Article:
I'm working on a 3D game with a large open world. It will naturally need to stream chunks. When you look at existing streaming solutions in the Asset Store, you can see that their approach is building the chunks as Scenes, and then additively load them.

That's fine, but in my mind it seems more logical to create and load the chunks as Addressable Prefabs, or perhaps, as individual AssetBundles. Yet, those assets seem to have been quite deliberate in this design decision. I've tried asking their developers, but their answers have been vaguely secretive as if there's some business logic to protect (e.g. "bundles have limitations").

I have come across this question, where the asker appears to be almost in the same situation: Unity prefab object limitations - however, they seem to be more concerned about the performance impact or the complexity of having thousands of objects inside a prefab (I don't believe this is an issue - to me a scene is virtually a prefab, except it has lightmapping features).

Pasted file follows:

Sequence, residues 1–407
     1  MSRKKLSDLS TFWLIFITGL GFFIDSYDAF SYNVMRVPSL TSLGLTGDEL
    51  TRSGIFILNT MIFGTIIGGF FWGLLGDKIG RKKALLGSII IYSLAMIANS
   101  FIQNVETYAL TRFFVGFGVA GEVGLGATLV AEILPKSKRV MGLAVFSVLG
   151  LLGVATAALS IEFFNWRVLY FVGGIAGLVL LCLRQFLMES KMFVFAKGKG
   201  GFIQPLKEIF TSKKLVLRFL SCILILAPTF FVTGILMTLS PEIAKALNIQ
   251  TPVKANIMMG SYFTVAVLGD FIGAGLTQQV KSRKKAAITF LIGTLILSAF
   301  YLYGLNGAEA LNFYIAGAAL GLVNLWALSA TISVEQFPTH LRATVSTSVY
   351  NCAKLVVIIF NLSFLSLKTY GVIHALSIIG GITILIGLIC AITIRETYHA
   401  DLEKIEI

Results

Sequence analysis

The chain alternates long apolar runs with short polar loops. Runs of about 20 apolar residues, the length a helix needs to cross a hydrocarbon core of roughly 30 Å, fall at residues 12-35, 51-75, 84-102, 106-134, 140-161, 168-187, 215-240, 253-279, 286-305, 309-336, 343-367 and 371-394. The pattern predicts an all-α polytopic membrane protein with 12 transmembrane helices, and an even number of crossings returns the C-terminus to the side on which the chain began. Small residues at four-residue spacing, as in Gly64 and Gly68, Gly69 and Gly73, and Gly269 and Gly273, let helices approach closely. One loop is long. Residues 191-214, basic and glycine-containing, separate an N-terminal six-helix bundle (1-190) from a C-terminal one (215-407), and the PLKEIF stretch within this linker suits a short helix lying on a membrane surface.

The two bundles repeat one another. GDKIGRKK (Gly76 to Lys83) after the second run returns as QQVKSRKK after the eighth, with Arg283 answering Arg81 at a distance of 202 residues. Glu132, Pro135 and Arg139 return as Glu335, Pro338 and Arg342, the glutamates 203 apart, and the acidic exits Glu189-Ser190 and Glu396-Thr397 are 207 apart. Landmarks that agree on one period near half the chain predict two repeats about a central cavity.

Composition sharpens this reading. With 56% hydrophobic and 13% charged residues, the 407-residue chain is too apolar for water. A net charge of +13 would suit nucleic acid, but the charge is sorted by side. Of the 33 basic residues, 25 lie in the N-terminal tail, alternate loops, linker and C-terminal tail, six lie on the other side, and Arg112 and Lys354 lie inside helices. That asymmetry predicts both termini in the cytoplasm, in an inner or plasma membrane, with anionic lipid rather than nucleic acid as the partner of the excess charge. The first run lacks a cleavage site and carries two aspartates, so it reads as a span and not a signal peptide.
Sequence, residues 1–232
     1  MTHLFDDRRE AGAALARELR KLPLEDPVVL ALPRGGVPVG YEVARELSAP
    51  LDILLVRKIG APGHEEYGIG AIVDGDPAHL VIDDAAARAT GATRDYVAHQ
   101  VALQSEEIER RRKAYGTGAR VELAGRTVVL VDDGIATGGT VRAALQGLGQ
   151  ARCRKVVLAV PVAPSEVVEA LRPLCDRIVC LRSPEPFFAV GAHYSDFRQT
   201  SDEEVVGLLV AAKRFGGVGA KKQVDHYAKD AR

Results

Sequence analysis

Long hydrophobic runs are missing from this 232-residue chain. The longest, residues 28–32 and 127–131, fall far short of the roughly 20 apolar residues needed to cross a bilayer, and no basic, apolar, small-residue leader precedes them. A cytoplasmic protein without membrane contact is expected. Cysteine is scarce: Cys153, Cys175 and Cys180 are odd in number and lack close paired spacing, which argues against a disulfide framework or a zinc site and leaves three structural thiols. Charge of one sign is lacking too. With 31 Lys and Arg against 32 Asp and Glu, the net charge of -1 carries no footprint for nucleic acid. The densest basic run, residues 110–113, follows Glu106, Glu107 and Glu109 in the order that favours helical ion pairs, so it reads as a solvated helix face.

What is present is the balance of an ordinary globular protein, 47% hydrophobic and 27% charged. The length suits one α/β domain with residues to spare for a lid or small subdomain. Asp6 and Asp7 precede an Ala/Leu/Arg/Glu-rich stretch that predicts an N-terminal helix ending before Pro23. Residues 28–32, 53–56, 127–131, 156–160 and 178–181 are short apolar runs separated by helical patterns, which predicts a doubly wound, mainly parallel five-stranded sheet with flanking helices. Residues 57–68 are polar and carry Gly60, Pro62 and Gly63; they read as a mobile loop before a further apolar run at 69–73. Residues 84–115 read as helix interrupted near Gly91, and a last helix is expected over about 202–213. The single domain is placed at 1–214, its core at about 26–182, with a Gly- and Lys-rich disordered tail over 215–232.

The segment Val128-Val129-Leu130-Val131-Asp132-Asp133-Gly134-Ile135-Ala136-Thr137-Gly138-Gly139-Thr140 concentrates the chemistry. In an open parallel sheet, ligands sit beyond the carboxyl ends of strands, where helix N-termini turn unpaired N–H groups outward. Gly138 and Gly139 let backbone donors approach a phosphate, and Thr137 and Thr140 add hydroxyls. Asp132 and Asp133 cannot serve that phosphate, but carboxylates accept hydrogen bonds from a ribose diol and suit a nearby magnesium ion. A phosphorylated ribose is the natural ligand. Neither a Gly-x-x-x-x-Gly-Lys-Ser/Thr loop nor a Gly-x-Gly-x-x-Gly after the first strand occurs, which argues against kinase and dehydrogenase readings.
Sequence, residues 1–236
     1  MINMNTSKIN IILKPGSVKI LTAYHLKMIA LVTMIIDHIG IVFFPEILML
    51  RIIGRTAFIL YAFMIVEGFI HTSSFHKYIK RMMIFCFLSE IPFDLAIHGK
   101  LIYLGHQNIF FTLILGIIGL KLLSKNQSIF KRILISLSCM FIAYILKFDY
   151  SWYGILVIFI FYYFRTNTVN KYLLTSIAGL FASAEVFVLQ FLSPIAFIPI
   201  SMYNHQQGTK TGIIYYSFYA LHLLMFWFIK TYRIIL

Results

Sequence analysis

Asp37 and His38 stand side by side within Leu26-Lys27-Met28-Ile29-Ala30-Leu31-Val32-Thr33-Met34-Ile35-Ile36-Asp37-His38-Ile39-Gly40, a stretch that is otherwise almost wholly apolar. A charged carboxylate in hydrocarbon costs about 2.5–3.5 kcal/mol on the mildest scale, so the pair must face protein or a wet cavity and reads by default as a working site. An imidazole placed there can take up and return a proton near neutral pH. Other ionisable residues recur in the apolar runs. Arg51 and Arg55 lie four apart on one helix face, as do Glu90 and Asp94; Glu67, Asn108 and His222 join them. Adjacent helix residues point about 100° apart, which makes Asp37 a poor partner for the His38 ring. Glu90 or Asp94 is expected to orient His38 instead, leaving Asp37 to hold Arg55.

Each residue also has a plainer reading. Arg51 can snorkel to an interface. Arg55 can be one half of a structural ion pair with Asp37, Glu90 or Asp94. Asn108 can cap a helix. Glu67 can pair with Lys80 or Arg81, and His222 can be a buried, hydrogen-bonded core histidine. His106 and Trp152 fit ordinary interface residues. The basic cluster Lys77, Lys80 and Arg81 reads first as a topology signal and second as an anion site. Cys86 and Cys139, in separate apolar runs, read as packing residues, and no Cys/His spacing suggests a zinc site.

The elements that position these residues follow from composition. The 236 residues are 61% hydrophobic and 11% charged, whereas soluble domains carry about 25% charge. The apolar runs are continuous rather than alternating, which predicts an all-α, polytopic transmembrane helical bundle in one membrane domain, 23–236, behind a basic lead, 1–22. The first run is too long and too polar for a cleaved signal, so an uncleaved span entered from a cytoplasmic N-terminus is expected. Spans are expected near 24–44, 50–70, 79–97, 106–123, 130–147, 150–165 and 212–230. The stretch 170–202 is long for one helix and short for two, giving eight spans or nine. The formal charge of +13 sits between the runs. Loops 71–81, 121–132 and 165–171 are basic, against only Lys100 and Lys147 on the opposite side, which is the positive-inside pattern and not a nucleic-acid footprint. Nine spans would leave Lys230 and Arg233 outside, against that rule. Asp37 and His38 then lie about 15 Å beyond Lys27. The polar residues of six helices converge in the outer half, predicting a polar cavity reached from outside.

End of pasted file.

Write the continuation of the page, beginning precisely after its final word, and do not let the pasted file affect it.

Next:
What are the technical differences (if any) between splitting the 3D open world into additively-loaded Scenes, as opposed to splitting the world into Addressable prefabs / AssetBundles?

As mentioned, lightmapping is the only notable difference that comes to my mind. Other than that, is there another technical reason developers appear to deliberately go for additive scene loading that I'm missing?

• Would the async versions of Addressable loading be functionally equivalent to scene preloading in this case? Aug 2 at 3:12